Hearts owner Vladimir Romanov defends Jefferies sacking
Hearts owner Vladimir Romanov has attacked the media reaction to his sacking of manager Jim Jefferies.
Jefferies was removed after an 18-month spell and has been replaced by former Sporting Lisbon coach Paulo Sergio.
In a statement, Romanov said: "Judging by the pre-planned squeals the media monkeys are making, Hearts has hit the point with the move.
"With only one competitive win in 15 games, only fools and idiots would not raise questions and suspicions."
Jefferies was appointed manager at Hearts for a second time on 29 January 2010 after the departure of Csaba Laszlo and led the club to third place in the Scottish Premier League last season.
His long-time colleague and assistant Hearts boss Billy Brown was also sacked on Monday, while first-team coach Gary Locke's position is under review as Sergio becomes the latest in a long line of managers during Romanov's seven-year tenure.
Romanov offered Jefferies a director of football role at the club, which the 60-year-old turned down.
Jefferies told BBC Scotland he would have felt uncomfortable stepping upstairs and working with the man who replaced him - and accepting a position while assistant Brown was leaving the club.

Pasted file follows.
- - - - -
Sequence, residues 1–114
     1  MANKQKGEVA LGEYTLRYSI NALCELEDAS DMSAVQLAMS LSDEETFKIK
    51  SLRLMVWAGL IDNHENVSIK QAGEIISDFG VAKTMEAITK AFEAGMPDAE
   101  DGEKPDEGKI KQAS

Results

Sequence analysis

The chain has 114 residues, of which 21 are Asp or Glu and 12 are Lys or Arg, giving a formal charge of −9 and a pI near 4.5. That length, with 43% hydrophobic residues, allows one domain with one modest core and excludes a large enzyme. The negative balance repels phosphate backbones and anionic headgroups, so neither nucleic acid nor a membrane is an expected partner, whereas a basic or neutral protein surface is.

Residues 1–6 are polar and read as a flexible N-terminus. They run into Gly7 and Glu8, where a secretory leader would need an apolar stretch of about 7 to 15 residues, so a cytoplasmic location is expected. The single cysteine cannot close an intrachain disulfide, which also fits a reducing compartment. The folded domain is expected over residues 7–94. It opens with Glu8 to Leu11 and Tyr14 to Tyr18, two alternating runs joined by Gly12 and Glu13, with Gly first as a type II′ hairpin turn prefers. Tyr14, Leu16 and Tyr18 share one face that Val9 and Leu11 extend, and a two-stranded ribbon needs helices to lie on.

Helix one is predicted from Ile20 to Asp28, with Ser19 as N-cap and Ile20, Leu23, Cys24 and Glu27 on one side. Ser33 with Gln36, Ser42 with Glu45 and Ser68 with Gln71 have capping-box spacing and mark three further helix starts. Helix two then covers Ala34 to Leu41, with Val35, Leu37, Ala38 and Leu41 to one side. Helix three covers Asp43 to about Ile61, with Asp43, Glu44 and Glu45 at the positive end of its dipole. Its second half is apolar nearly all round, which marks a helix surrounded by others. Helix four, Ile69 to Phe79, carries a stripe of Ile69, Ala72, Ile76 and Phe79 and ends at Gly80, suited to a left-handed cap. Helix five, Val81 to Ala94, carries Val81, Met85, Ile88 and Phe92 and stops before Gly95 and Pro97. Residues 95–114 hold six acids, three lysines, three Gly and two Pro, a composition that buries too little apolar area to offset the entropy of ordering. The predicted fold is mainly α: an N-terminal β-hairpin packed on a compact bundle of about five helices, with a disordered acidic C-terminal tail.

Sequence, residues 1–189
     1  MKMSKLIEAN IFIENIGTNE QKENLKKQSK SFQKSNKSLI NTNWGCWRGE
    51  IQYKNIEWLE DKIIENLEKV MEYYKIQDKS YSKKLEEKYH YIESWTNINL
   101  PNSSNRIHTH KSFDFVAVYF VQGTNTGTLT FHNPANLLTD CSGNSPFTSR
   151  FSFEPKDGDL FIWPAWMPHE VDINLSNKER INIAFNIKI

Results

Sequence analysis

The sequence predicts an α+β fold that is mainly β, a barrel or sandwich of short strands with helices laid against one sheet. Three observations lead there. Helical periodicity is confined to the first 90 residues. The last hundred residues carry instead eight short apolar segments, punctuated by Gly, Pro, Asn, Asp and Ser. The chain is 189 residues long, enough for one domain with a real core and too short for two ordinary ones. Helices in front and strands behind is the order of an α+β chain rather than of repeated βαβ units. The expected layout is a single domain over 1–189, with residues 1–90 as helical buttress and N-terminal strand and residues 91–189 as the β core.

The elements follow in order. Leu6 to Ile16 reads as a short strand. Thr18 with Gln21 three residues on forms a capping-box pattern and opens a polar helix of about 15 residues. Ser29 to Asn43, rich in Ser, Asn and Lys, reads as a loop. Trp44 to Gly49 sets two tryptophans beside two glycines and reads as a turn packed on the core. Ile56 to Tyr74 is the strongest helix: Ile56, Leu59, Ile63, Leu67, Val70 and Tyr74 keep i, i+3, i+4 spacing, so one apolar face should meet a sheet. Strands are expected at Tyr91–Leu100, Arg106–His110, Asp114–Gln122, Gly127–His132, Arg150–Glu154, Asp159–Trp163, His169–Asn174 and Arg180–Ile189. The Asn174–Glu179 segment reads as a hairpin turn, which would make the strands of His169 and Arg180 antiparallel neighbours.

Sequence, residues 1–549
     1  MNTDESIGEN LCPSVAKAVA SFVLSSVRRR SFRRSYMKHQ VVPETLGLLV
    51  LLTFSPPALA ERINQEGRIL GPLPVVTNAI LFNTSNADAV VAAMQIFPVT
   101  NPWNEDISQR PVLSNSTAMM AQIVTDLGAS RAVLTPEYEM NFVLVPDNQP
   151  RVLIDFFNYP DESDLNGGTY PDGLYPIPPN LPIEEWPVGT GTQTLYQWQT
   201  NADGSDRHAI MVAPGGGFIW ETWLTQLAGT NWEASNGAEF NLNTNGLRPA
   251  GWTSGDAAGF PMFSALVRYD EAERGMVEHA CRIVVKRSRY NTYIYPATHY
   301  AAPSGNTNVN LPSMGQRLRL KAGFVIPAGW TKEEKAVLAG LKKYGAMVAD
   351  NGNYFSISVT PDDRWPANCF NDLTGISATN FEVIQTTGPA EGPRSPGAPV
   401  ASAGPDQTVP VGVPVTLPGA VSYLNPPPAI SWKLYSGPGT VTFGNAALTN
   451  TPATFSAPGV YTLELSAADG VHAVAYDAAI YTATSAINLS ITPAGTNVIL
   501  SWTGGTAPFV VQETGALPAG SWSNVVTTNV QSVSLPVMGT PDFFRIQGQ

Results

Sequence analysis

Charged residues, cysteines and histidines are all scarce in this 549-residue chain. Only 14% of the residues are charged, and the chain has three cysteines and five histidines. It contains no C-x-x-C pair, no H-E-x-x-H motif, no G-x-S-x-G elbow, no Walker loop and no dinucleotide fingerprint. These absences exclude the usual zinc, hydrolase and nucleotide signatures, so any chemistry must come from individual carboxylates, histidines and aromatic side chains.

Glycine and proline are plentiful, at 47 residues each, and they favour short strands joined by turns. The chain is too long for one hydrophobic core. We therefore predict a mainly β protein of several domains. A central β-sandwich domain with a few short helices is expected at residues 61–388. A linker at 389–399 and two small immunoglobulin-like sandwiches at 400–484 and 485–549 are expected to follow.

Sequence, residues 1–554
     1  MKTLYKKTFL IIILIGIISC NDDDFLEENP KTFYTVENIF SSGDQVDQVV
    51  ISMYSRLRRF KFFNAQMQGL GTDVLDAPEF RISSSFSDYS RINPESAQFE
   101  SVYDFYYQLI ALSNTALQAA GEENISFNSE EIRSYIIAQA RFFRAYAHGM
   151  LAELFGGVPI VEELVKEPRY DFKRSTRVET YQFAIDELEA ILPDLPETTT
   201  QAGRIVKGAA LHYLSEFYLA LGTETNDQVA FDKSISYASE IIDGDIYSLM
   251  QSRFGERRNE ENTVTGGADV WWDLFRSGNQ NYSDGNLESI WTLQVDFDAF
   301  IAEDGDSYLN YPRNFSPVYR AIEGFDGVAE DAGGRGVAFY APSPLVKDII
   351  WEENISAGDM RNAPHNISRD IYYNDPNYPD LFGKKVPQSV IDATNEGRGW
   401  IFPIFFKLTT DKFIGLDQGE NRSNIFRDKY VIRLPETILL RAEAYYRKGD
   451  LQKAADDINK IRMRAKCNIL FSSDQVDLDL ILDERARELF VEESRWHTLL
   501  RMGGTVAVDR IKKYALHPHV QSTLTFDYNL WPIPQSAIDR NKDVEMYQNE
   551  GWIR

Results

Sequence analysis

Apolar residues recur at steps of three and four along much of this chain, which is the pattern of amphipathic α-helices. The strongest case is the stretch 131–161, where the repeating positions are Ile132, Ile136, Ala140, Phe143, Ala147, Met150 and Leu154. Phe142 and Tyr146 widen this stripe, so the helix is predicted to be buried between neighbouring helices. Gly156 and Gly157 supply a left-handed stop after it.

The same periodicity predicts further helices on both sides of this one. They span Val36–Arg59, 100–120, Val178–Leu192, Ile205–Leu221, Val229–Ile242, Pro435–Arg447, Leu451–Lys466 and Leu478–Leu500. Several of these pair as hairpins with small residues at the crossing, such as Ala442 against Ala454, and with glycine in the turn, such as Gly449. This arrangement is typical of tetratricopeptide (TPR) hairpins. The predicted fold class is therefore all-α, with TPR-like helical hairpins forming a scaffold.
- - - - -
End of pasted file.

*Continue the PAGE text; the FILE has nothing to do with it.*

The language used by Romanov in his statement has echoes of a website entry posted in February 2007 entitled "Monkeys go home!" which questioned referees' integrity.
It also took aim at journalists and the football authorities and Romanov was given a suspended fine of £25,000 by the Scottish Premier League after it ruled his comments had broken league rules.
Meanwhile, former Hearts chairman George Foulkes has told the BBC that Jefferies was removed for standing up to Romanov's interference.
Foulkes was chairman of the club when Romanov bought his majority shareholding, but resigned in 2008 in protest at the dismissal of chief executive Phil Anderton.
"That was my problem," said Foukles. "I stood up to him and I had to go, because I wasn't prepared to work with someone who wasn't going to listen to me and take advice from someone who was on the ground in Scotland and Edinburgh."
"Jim Jefferies, I think, has also suffered as a result of that."